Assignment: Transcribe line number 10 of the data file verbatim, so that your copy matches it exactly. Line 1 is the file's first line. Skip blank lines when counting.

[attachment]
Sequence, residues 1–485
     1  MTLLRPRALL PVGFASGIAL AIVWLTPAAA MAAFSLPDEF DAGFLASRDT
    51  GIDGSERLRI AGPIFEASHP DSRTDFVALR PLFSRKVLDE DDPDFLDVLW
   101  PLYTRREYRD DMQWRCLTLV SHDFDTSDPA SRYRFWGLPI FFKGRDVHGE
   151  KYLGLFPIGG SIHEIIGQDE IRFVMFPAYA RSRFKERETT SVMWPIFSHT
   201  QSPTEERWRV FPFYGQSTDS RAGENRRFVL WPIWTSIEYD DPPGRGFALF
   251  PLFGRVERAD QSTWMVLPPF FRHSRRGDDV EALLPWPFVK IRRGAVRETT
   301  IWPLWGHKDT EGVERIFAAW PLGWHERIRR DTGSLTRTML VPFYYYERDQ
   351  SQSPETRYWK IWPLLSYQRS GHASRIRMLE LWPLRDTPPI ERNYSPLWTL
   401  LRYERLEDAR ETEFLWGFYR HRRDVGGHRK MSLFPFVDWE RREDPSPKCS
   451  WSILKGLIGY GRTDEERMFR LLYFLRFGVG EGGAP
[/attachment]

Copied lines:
   401  LRYERLEDAR ETEFLWGFYR HRRDVGGHRK MSLFPFVDWE RREDPSPKCS